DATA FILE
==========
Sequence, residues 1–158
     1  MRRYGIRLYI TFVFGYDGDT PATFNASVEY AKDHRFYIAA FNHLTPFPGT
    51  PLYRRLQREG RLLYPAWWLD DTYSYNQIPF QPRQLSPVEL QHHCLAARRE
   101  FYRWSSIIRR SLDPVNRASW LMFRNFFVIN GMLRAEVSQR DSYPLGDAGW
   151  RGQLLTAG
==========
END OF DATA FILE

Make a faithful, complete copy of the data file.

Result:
Sequence, residues 1–158
     1  MRRYGIRLYI TFVFGYDGDT PATFNASVEY AKDHRFYIAA FNHLTPFPGT
    51  PLYRRLQREG RLLYPAWWLD DTYSYNQIPF QPRQLSPVEL QHHCLAARRE
   101  FYRWSSIIRR SLDPVNRASW LMFRNFFVIN GMLRAEVSQR DSYPLGDAGW
   151  RGQLLTAG